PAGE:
Rafael Nadal on Thursday withdrew from the French Open because his hip injury has failed to heal and said he expects 2024 to be his final year in professional tennis.
It will be the first time since he made his Roland Garros debut in 2005 that the 36-year-old Spanish player will miss the claycourt major that he has won a record 14 times.
"It's not a decision I'm taking, it's a decision my body is taking," Nadal said at a news conference in his native Mallorca.
Nadal said he was taking a few months off, without training, meaning he will also definitely miss Wimbledon and most likely the US Open, before starting to play again.
And he said next year would bring down the curtain on a career that has so far produced 22 Grand Slam singles titles.
"It's probably going to be my last year on the professional tour, I can't say this 100 percent because you never know what's going to happen," he said.
"The injury I suffered in Australia has not healed as we hoped.
"Roland Garros became impossible. I will not be there after many years, with everything that (tournament) means to me."
Nadal said he would not set a date for his return, but indicated the Davis Cup in November could be a potential target.
The Spaniard said it was important to step away from the game in order to come back next year and say goodbye by playing at his favourite events.
"If I keep playing in this moment, I don't think I can make next year," said Nadal.
"My idea and motivation is to try to enjoy and try to say goodbye to all the tournaments that have been important to me."
Nadal is hopeful that by taking a complete break, his body can recover.
"I will stop, I won't train, it's been months of frustration – there's a moment that one has to put the brakes on," he explained.
"It's time to see if the body can regenerate itself over these months."
He said he was philosophical about not being able to defend his title at the tournament he has dominated.
"Roland Garros will always be Roland Garros, with or without me, it will keep being the best event," added Nadal.
"There will be a Roland Garros champion and it won't be me, and that's life."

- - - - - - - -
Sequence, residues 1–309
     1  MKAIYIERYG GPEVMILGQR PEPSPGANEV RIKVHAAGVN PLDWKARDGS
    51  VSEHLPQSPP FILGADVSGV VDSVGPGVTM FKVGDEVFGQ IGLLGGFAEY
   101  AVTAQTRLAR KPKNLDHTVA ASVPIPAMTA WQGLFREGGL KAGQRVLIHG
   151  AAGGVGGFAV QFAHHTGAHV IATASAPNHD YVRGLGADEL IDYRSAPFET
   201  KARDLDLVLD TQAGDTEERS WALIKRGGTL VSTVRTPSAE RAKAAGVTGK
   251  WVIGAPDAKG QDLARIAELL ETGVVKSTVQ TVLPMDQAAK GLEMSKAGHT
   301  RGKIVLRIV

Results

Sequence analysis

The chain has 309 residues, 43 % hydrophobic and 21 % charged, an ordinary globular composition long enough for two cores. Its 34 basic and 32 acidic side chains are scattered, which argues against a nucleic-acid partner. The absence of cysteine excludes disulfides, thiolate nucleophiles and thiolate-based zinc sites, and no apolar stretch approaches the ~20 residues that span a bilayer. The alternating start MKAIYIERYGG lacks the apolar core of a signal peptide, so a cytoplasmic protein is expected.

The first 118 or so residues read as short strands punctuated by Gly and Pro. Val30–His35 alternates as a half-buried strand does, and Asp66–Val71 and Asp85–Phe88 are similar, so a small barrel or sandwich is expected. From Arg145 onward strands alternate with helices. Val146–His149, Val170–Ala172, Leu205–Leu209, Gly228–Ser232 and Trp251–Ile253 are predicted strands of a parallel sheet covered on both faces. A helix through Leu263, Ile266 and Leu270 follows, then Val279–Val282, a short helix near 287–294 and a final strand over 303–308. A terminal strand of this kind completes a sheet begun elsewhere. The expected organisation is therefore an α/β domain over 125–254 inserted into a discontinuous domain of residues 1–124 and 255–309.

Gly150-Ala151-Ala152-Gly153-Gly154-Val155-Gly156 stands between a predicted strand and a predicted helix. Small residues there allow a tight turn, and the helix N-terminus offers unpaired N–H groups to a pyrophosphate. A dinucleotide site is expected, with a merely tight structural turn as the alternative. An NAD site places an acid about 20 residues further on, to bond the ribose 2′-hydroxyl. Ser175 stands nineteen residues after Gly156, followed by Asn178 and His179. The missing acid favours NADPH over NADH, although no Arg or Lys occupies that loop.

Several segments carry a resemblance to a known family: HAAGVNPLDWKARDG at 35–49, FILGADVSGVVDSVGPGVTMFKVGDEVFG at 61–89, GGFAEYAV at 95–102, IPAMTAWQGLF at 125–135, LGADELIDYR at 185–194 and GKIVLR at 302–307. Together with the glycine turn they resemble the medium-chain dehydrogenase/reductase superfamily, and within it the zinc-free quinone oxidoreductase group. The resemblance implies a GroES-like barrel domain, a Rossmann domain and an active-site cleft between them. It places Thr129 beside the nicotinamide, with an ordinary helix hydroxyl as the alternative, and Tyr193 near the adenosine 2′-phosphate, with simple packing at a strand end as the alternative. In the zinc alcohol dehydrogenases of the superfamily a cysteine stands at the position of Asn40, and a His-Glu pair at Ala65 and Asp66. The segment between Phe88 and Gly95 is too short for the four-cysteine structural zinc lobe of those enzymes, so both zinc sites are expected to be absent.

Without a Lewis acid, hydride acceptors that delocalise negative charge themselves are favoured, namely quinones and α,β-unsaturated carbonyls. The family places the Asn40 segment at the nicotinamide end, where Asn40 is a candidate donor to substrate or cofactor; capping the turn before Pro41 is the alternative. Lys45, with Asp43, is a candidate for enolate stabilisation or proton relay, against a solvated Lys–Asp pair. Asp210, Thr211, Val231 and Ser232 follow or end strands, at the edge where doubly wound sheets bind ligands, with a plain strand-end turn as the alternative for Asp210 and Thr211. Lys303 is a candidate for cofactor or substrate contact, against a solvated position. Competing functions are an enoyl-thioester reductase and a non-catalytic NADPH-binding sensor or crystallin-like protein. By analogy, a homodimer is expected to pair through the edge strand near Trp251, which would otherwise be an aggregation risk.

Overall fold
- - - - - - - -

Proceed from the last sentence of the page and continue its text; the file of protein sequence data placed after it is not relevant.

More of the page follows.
His fellow Spaniard Carlos Alcaraz, the 20-year-old who will take over from Novak Djokovic as world number one next week, said Nadal's announcement was "very painful and sad for everyone".
"But I hope that 2024 will be a great season for you and that you can say goodbye like the great champion you are!" Alcaraz added.
Former world number one Nadal has not played since the Australian Open in January where he picked up a hip injury in a shock second round loss to Mackenzie McDonald of the United States.
He was expected to recover inside six weeks, comfortably in time to launch an assault on a record-extending 15th title at Roland Garros.
However, with his 37th birthday little over two weeks away and having skipped Masters events in Indian Wells, Miami, Monte Carlo, Madrid and Rome, Nadal is stepping away to try and find fitness.
After a career plagued by knee, wrist and foot injuries in particular, the alarm bells have been ringing ever louder over the last year.
His undefeated start to 2022, which saw him pick up a second Australian Open title, ended with a chest injury at Indian Wells.
He swept to a 14th French Open last June but only after revealing he had required daily pain-killing injections in his foot.
Weeks later, his dream of a third Wimbledon title ended in a semi-final withdrawal due to an abdominal strain.
Nadal's lengthy absence this year has also seen him drop out of the world's top 10 for the first time in 18 years.
Since his 2005 championship-winning debut at the French Open, he has racked up 112 wins and only been defeated three times.
Two of those losses came against Djokovic in 2015 and 2021. The other was to Robin Soderling in 2009.
Djokovic, who shares the men's record of 22 Slams with Nadal, will start as favourite in Paris this year alongside Alcaraz.